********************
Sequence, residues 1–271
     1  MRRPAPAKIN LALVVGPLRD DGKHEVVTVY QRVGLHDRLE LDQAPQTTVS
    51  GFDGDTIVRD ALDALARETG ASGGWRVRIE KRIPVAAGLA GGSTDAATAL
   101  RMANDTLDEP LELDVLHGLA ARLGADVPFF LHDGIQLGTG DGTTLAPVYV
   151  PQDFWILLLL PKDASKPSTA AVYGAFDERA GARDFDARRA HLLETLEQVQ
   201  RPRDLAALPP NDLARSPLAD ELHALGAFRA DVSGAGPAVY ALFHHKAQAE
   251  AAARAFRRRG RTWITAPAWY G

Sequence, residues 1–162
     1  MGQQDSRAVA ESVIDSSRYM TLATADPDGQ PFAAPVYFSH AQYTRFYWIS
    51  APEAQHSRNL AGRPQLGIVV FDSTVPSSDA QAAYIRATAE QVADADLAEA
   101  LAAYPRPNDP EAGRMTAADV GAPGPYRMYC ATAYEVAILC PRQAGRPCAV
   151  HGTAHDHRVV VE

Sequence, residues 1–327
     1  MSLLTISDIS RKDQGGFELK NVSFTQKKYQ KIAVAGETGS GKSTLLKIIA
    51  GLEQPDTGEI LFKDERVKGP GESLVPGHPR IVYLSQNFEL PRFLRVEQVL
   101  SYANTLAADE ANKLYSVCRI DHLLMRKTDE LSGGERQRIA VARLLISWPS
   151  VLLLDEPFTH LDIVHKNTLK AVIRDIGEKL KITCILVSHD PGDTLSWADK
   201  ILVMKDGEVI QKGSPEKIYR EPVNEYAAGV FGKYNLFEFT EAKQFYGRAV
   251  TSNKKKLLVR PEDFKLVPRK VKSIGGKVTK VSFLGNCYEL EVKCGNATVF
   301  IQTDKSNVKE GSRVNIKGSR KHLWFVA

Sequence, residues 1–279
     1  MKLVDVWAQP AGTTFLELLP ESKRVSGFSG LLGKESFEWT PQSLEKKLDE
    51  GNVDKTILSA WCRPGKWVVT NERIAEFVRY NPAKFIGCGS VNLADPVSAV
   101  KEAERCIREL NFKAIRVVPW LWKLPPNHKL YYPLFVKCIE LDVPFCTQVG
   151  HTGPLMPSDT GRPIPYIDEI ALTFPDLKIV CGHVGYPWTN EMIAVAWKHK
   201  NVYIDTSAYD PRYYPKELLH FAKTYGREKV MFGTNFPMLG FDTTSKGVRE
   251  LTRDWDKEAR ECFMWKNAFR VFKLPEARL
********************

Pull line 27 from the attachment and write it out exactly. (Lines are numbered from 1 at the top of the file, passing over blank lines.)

   251  LTRDWDKEAR ECFMWKNAFR VFKLPEARL